Now, I’m telling you that you can do it. You can achieve your writing dream. There were many moments when I doubted this dream would come true. But if the Lord has called, He will bring it to pass. Keep writing. Keep growing. Keep networking.

One of these days, when you get that first contract in the mail, know that you heard it here first: I told you so!

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The Best Advice I (finally!) ‘Got’

I always hated it when writing instructors told me to 1) write what you know, and 2) follow a formula.  How, I wondered, could I write what I knew when I didn’t know anything interesting, and when the only formulas I remembered were from high school math class? I was pretty sure that wasn’t going to be much help in writing anything other than a final math exam.

Now, having finally decoded those two pieces of cryptic advice in the course of my own writing career development, I have only two words to share with would-be novelists: read and outline.

Read books (all kinds!), but also read everything you can get your hands on: newspapers, magazines, the backs of cereal boxes, newsletters, church bulletins. I even read vanity license plates, which inspired me to give one of my series characters distinctive car plates that have played into more than one mystery plot!

The purpose of all that reading is twofold: 1) you accumulate a storehouse of information about the world; and 2) you never know what word, image, or idea will catch fire in your writing process.  Reading feeds you with new material – like ongoing brainstorming.

As for reading books in all genres, I find it’s a great way to broaden my experience. I may not be an expert on scuba-diving or anti-matter research, or know one end of a knitting needle from the other, but if I’ve read about it, I at least have some familiarity with it. And if it might fit into something I’m writing, I can go back for more reading or research.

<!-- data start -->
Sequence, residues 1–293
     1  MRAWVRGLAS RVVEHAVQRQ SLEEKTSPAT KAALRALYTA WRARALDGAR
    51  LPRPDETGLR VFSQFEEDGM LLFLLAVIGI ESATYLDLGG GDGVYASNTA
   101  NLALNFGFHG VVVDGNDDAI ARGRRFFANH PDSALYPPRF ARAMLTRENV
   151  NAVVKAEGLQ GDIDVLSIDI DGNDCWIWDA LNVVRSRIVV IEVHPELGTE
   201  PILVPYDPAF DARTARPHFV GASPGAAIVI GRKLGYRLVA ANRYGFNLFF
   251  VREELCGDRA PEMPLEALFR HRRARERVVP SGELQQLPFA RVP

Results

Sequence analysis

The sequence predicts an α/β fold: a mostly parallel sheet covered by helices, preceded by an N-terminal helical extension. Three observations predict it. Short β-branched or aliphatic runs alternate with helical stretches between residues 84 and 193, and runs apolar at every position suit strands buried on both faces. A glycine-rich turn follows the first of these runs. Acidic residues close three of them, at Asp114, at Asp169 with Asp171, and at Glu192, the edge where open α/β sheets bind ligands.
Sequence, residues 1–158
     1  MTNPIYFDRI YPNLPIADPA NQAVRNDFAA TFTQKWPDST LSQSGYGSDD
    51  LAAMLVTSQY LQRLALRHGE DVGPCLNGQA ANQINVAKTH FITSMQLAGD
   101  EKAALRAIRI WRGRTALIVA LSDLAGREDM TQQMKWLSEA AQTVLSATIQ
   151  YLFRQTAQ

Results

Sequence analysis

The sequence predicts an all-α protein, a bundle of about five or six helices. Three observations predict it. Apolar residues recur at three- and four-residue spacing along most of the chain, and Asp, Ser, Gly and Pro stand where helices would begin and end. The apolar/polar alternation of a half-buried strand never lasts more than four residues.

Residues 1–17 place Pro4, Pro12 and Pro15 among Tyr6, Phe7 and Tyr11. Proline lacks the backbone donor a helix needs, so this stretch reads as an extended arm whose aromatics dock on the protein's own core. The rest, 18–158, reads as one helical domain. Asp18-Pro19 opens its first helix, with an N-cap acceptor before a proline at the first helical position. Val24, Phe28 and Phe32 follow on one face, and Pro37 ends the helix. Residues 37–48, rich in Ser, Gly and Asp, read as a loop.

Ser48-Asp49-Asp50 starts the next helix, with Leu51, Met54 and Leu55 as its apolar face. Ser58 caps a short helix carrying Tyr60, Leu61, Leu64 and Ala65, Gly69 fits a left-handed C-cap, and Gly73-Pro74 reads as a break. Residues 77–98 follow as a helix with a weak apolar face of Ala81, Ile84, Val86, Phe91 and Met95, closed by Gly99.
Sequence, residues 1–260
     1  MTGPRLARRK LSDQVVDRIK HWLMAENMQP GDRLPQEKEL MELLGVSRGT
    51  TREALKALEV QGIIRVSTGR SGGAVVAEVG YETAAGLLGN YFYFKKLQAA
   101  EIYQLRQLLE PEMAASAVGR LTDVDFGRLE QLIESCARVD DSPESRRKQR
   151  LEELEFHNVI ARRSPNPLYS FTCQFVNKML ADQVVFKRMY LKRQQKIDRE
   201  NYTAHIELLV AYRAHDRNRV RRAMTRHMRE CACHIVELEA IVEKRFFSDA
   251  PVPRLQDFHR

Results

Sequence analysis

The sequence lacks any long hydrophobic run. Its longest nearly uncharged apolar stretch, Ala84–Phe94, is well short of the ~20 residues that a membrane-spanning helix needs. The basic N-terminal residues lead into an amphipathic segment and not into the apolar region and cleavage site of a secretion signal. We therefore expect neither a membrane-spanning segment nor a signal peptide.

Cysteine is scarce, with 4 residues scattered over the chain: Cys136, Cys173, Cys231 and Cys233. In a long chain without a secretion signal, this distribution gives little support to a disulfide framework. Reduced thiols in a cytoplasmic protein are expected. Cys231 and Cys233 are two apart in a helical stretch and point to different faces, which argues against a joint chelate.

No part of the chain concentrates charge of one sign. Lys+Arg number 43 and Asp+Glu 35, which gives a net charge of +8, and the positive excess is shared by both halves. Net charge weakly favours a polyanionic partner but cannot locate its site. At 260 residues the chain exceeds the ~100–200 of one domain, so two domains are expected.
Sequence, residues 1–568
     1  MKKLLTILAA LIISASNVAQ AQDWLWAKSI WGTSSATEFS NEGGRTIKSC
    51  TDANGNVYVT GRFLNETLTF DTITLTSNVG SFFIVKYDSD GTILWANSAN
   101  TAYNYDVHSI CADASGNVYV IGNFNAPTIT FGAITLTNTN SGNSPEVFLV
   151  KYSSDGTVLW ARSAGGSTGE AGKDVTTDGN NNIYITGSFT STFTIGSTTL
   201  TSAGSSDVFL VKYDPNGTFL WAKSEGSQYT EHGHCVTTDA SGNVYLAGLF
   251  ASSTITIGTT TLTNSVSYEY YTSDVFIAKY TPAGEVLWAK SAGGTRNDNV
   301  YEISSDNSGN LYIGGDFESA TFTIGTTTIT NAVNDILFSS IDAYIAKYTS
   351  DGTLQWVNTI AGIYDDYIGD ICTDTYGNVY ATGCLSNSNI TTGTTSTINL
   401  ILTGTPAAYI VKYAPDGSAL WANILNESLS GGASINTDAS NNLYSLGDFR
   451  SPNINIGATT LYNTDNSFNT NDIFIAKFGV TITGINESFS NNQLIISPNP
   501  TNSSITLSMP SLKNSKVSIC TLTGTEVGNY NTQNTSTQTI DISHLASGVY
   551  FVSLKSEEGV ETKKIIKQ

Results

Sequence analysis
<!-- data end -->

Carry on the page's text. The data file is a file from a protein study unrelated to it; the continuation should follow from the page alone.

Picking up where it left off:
It wasn’t until I figured this out – that I didn’t have to be an expert about something to write it into a story – that I finally really understood why my teachers insisted you had to ‘write what you know.’ Write what you know – not necessarily what you yourself have experienced. What a relief to know I didn’t have to commit a murder to write about one!

The most important thing I ever did when I was writing my first novel, however, was to outline. And I’m not referring to the outline of my book, either (though I do work from a rough outline when I write). The outline that I found most helpful was the outline I made of my favorite author’s best-seller.

Yes, you read that right – I outlined a book by my favorite author.

It was a tedious task, to be sure, but by the time I finished that chapter-by-chapter outline, I knew more about pacing and plot development than I had ever learned from any teacher or class. My secret was to use a different color marker for each subplot, so that by the end, I had a notebook in which I could visually trace how story threads flowed together and how the notorious ‘red herrings’ of successful plots operated. Deconstructing a best-selling novel taught me how to write my own ‘formula.’

What are you reading/outlining today?